Guidance on sexual transmission of Zika virus and methods of prevention.
Zika virus and sexual transmission
The greatest likelihood of acquiring Zika virus infection is via the bite of an infected Aedes mosquito whilst travelling to a country or area with risk for Zika virus transmission. However, a small number of cases have occurred through sexual transmission.
The majority of reported cases of sexual transmission have involved transmission from a male to a female partner. Transmission from a female to a male sexual partner, and from a male to a male sexual partner has also been reported, whilst there is a theoretical risk of transmission from a female to a female sexual partner.
Sexual transmission can occur via vaginal sex, anal sex, oral sex and the sharing of sex toys. People infected with Zika virus can pass the virus through sex even when asymptomatic.
Zika virus has been shown to be present in semen and vaginal secretions. The virus persists longer in semen (3 months) than in the female genital tract (2 months), therefore the advice given to prevent sexual transmission is different for men and women.
Potential consequences of Zika virus sexual transmission
While Zika is usually an asymptomatic or mild illness for the majority of people, more importantly, it presents a significant risk to the developing fetus as it can cause serious birth defects. Infection in the first trimester of pregnancy appears to carry the greatest risk of these abnormalities, which can occur even if the woman had no symptoms at the time of her Zika infection. However, a risk exists throughout pregnancy.
It is therefore imperative that women who are pregnant take measures to avoid exposure to Zika virus throughout the duration of pregnancy, including during sexual contact.
Similarly, couples should take precautions to avoid a woman becoming pregnant during or shortly after having a possible Zika virus infection.
Barrier methods to prevent sexual transmission
There are recommended barrier methods to prevent sexual transmission of Zika virus from an individual who may have been exposed to Zika virus either as a traveller returning from a country or area with risk of Zika virus transmission or following previous unprotected sexual contact with a potentially infectious partner.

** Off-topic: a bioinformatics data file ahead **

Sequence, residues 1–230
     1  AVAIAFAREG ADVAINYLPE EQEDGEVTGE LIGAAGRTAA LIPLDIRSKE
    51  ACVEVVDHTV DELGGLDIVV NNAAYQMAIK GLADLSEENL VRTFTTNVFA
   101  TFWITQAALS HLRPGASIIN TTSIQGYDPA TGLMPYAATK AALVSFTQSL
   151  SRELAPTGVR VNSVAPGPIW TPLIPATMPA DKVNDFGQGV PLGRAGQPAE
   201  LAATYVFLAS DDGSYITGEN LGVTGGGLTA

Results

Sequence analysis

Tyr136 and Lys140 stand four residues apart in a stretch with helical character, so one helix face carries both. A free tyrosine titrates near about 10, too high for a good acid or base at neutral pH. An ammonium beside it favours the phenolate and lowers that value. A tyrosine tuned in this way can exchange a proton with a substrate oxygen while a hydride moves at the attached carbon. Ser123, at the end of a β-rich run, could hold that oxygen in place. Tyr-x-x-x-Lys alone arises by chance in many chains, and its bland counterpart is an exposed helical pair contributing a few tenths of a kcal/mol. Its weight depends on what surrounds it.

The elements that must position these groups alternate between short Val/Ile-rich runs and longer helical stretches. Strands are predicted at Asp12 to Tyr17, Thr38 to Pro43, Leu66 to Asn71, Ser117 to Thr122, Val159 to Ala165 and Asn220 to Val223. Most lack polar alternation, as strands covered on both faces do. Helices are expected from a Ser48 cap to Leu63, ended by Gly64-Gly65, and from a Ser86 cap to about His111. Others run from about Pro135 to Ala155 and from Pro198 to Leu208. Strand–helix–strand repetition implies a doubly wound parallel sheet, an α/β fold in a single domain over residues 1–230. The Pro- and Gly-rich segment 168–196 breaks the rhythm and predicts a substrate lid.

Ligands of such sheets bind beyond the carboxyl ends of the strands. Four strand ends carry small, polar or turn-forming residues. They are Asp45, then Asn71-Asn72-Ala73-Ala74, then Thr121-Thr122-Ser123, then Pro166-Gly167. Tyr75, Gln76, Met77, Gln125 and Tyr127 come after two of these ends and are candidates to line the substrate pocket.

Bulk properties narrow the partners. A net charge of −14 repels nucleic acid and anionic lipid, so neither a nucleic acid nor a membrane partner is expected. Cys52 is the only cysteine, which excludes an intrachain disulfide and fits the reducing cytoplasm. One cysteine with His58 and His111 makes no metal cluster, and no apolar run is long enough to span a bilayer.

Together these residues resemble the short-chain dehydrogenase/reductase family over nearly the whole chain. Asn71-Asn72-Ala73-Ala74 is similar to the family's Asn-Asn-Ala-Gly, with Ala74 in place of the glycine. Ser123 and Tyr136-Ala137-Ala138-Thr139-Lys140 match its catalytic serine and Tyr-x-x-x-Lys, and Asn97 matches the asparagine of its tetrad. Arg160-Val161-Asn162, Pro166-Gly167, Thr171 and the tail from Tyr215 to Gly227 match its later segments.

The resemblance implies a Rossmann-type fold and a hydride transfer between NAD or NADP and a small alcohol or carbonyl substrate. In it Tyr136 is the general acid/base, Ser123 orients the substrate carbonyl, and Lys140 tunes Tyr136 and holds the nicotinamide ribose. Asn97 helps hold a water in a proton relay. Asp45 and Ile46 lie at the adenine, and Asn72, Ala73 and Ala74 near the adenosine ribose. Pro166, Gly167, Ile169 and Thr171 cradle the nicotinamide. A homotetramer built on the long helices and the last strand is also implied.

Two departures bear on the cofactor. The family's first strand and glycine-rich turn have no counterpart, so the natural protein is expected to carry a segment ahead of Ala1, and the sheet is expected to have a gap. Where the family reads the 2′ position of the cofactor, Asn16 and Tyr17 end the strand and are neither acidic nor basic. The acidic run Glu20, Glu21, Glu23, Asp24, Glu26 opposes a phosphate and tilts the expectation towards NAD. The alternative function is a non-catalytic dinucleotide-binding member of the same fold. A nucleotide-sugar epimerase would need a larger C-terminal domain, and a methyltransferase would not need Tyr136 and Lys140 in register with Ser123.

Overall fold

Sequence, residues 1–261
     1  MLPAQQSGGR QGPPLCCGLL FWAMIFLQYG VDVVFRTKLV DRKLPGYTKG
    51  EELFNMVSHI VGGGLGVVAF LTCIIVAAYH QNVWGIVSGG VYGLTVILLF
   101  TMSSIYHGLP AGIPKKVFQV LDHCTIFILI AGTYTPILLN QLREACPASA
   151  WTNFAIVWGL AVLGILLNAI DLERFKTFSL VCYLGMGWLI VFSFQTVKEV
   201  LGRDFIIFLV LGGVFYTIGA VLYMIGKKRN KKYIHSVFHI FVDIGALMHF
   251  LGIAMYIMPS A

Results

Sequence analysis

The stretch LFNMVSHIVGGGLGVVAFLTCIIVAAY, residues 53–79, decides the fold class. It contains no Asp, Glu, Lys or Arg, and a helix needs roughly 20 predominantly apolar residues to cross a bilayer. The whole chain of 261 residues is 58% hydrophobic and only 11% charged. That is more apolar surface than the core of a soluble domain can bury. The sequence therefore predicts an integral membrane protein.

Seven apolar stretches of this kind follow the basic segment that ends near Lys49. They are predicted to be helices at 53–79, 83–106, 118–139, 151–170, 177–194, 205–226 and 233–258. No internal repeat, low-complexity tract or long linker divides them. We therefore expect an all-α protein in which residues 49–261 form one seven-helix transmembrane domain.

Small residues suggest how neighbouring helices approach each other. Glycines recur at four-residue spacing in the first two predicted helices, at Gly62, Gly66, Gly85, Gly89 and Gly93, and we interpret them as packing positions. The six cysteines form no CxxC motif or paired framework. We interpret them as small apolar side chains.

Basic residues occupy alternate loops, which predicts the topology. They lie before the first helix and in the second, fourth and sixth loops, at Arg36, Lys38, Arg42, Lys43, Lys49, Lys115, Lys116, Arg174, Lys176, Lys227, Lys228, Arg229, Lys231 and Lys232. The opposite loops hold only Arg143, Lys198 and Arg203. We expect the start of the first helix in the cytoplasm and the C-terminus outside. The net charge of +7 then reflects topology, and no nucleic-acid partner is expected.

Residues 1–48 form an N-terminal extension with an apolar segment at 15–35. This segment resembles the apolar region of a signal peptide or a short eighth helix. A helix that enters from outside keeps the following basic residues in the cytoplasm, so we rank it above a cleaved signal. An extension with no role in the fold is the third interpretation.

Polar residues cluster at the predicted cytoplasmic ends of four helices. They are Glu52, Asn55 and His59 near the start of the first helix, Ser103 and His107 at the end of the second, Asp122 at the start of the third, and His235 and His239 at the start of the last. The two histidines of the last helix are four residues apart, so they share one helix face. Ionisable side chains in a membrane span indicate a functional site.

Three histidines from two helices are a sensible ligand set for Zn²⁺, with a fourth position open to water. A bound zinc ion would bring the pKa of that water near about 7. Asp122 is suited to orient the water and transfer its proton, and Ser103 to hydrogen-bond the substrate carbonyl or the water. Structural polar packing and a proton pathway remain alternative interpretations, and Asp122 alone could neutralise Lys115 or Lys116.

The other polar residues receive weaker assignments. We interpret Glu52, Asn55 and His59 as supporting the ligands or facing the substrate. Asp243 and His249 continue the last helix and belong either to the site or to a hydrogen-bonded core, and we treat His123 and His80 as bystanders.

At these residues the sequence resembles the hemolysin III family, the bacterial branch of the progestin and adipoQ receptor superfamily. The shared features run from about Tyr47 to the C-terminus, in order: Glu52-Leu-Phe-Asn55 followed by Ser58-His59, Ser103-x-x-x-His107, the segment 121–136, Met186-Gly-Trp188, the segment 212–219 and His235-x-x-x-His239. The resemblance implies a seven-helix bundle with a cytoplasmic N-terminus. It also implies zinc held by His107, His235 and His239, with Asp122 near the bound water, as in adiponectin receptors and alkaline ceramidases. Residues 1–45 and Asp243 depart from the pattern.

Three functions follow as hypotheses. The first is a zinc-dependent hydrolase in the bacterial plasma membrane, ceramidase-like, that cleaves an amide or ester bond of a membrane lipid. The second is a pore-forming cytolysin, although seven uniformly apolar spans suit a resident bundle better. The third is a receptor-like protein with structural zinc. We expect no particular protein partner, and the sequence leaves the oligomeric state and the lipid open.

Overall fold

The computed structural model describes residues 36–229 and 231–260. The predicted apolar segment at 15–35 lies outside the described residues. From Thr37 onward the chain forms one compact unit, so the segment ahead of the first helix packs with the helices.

Barrier methods include:
- male or female condoms for penetrative sex (including sex toys)
- male or female condoms or dental dams for oral-genital or oral-anal sexual contact
- sex toys should not be shared
- to increase their effectiveness barrier methods should be used consistently and correctly, for the entire duration of sexual contact
Advice for individuals at greatest Zika virus risk
Pregnant women and women or couples considering pregnancy are advised to check the NaTHNaC country information pages and the A to Z listing for detailed country advice prior to travel.
Screening of asymptomatic travellers for Zika virus infection is not available on the NHS. Therefore, couples considering pregnancy in the very near future should consider whether they should avoid travel to a country or area with risk for Zika virus transmission, rather than delay conception for the recommended period (see below) after travel. This particularly includes couples in assisted conception programmes.
No specific sexual transmission precautions are required for travellers to countries with very low risk for Zika virus transmission.
This advice is summarised in an algorithm which is available here.
Advice for pregnant women and their sexual partners
Consistent use of barrier methods for vaginal, anal and oral sex during and after travel is advised to reduce the risk of sexual transmission which could result in the developing fetus becoming infected with Zika virus.
Barrier methods should be continued for the duration of the pregnancy and couples should use barrier methods during and after travel even in the absence of Zika virus symptoms.
Advice for couples considering pregnancy
Consistent use of effective contraception and consideration of barrier methods for vaginal, anal and oral sex during and after travel is advised to reduce the risk of conception and sexual transmission which could result in the developing fetus becoming infected with Zika virus.
These measures should be maintained for the following time periods even in the absence of Zika virus symptoms:
- if both partners travelled, for 3 months after last possible Zika virus exposure
- male traveller only, for 3 months after return or after last possible Zika virus exposure
- female traveller only, for 2 months after last possible Zika virus exposure
*Last possible Zika virus exposure is defined as the date of leaving an area with high or moderate Zika virus risk, or the date on which unprotected sexual contact with a potentially infectious partner took place.
Travelling to low risk countries/areas
- No specific precautions required
Individuals with further concerns regarding sexual transmission of Zika virus and options for contraception or barrier methods should contact their GP for advice.